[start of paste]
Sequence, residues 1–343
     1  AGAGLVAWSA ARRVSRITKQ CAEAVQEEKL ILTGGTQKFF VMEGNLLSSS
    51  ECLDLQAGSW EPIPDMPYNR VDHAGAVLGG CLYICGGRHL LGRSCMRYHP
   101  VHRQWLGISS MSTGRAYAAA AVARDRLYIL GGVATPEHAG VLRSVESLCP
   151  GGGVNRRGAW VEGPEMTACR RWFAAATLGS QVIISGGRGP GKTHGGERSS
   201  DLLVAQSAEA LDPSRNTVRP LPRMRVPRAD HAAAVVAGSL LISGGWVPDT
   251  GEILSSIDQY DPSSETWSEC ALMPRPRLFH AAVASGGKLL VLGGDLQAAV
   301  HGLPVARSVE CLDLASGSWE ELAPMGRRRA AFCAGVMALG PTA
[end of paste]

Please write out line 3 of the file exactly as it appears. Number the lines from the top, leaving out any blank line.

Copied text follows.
    51  ECLDLQAGSW EPIPDMPYNR VDHAGAVLGG CLYICGGRHL LGRSCMRYHP